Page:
Suspension under Gujarat Civil Services (Discipline and Appeal) Rules, 1971
Rule 5 of the Gujarat Civil Services (Discipline and Appeal) Rules, 1971, is an important provision that deals with the initiation of disciplinary proceedings against government employees. This rule outlines the process that should be followed before any disciplinary action is taken against a government employee. In this article, we will discuss the key aspects of Rule 5 and its implications.
According to Rule 5, no disciplinary action can be initiated against a government employee without a written complaint or a charge sheet. The complaint or charge sheet should contain the details of the alleged misconduct and the evidence supporting the charge. The charge sheet should also provide the employee with an opportunity to present their case and defend themselves.
The Rule also provides for a preliminary investigation before the charge sheet is issued. The investigating officer should provide a report of the preliminary investigation to the disciplinary authority. The disciplinary authority will then examine the report and decide whether there is sufficient evidence to proceed with the disciplinary action.
The disciplinary authority is required to provide the employee with a copy of the report and the charge sheet, and to give them an opportunity to submit a written statement in their defense. The employee can also request a personal hearing to present their case.
Once the disciplinary authority has received the employee’s written statement and held a personal hearing, they will examine all the evidence and decide whether the employee is guilty of misconduct. If the employee is found guilty, the disciplinary authority will impose an appropriate penalty, taking into account the severity of the misconduct.
The penalties that can be imposed under Rule 5 include censure, withholding of increments or promotion, reduction in rank, suspension, dismissal or removal from service. The severity of the penalty will depend on the nature of the misconduct and its impact on the government’s interests.
It is important to note that Rule 5 is designed to ensure that disciplinary proceedings are fair and transparent. The process outlined in the Rule provides ample opportunity for the employee to present their case and defend themselves. It also ensures that the disciplinary authority considers all the evidence before making a decision.
A Landmark Judgement relating to the suspension under Gujarat Civil Services (Discipline and Appeal) Rules, 1971:
Kul Bhusan Chopra vs Punjab National Bank And Ors. MANU/DE/0270/1978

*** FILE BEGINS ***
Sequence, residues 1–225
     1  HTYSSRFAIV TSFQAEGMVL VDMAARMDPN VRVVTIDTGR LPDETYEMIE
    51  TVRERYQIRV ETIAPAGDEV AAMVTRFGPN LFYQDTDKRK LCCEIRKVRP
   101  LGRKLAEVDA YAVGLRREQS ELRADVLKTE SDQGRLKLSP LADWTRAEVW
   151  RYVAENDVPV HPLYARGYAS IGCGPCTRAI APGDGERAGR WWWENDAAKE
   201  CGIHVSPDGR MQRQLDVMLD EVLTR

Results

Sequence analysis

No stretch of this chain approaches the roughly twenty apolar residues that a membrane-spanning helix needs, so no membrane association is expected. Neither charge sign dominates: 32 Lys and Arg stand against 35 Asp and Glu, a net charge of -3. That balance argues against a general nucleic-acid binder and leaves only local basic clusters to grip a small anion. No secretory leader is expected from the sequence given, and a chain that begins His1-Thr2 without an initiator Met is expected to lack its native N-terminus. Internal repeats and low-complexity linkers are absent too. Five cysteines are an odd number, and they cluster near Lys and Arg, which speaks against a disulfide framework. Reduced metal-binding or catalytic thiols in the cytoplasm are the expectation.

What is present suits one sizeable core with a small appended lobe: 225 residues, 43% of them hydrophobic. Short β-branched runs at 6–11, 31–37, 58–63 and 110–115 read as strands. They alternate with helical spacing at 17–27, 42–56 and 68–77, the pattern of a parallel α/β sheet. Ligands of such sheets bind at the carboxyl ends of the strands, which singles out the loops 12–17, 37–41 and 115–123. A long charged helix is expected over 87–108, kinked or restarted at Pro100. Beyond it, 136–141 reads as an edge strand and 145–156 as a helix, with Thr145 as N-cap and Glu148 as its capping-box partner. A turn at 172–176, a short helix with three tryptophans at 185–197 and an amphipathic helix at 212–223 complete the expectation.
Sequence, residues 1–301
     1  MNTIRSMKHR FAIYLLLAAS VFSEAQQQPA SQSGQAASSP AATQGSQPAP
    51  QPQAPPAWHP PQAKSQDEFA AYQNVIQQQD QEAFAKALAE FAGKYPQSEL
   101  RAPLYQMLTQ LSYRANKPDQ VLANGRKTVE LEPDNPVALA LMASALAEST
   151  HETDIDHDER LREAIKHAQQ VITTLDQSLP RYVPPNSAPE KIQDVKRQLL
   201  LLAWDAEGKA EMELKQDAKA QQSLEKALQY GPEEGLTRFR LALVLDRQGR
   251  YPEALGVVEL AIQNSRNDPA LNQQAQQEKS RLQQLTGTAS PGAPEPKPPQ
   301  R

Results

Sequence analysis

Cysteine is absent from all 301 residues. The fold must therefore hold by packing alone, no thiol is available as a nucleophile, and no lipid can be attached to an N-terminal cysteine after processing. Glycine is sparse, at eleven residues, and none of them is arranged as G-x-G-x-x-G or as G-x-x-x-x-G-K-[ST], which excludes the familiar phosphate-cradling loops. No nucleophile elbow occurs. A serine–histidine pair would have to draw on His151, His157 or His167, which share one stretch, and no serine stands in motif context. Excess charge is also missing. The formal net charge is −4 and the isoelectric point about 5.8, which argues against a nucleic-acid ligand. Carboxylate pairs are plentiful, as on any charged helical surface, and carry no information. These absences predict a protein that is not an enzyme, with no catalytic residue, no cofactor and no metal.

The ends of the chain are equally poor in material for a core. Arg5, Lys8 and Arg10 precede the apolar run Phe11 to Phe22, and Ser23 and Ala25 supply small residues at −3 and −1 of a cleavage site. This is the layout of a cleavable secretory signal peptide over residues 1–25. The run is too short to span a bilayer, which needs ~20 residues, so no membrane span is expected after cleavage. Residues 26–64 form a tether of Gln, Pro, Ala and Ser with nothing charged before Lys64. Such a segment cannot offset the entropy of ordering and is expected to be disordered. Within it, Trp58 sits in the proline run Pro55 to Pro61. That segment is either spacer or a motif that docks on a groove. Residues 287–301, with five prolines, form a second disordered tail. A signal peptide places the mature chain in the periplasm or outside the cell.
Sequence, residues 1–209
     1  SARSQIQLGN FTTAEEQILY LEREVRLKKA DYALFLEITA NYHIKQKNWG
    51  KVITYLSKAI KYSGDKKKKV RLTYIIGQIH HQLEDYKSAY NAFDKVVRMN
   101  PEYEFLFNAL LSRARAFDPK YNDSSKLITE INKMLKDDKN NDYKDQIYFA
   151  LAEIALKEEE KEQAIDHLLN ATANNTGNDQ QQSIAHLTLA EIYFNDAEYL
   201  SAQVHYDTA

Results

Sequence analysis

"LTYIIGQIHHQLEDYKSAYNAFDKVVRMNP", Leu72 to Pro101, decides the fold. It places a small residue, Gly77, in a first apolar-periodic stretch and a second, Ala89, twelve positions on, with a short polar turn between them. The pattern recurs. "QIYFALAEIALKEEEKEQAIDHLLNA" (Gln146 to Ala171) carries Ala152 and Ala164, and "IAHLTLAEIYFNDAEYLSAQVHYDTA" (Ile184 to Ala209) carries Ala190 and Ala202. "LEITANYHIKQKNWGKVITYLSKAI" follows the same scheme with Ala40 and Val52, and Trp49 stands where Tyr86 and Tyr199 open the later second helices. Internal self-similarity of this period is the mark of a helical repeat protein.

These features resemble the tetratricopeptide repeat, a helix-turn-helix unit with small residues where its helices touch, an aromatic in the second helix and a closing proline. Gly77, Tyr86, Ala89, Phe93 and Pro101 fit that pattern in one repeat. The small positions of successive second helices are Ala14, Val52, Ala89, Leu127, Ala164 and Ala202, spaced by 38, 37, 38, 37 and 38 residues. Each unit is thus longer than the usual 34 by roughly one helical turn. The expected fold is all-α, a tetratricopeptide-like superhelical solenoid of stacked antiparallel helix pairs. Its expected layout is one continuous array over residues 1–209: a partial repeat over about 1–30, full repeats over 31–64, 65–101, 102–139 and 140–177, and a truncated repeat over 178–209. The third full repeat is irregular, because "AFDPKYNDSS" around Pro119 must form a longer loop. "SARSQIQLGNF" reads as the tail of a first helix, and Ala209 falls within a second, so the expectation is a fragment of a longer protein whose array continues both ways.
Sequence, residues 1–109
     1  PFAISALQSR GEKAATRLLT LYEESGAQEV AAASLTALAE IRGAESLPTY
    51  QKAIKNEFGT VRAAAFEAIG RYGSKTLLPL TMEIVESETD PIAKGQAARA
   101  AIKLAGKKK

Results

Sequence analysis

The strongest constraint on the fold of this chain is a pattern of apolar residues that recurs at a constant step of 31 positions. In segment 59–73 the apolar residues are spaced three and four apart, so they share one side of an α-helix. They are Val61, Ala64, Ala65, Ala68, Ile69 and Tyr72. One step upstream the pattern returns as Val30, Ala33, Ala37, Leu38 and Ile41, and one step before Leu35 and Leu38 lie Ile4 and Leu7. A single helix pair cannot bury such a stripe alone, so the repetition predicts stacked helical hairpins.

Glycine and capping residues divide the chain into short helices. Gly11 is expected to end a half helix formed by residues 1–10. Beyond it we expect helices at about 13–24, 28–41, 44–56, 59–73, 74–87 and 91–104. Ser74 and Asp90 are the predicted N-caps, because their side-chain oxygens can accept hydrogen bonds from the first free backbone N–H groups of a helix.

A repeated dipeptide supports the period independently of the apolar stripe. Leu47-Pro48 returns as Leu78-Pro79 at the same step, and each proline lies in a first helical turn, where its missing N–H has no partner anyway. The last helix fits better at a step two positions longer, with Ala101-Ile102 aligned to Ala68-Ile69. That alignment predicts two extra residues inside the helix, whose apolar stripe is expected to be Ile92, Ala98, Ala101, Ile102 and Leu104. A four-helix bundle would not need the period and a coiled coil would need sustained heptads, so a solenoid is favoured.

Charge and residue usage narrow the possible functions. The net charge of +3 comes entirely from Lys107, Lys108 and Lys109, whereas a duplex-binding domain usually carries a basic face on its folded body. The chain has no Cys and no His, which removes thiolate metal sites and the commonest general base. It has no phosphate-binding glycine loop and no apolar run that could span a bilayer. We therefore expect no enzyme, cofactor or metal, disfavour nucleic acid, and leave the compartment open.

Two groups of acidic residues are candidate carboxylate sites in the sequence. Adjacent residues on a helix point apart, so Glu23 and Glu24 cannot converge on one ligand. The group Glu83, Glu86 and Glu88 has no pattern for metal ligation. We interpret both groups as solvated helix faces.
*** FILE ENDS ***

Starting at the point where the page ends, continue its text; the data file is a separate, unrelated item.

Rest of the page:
- The regulation does not empower suspension where disciplinary proceedings are merely under contemplation. Disciplinary proceedings commence with the framing of the charge sheet and culminate in the final order punishing or vindicating the officer. Disciplinary proceedings could not be contemplated unless a decision to initiate the proceedings had already been taken. The expression “is pending” also lends colour to the true meaning of the expression “contemplated”, so that an officer may be suspended either where the proceedings are pending or if not pending, the decision to initiate proceedings having been taken, such proceedings are imminent and would follow as a matter of course, There would, Therefore, be no power to suspend if the decision to initiate proceedings is yet to be taken where, for example, the matter is at the preliminary enquiry or confidential enquiry or some sort of departmental investigation stages.
The reason for this is obvious, Until the investigation or preliminary enquiry or confidential enquiry concludes, there can be no application of mind by the competent authority if the case was fit one for initiation of disciplinary proceedings and until such application of mind, it could not be said that the proceedings are contemplated.
In conclusion, Rule 5 of the Gujarat Civil Services (Discipline and Appeal) Rules, 1971, is a crucial provision that outlines the process for initiating disciplinary proceedings against government employees. The Rule ensures that the process is fair, transparent, and provides the employee with ample opportunity to defend themselves. It is important for all government employees to be aware of this Rule and understand their rights and responsibilities in the disciplinary process.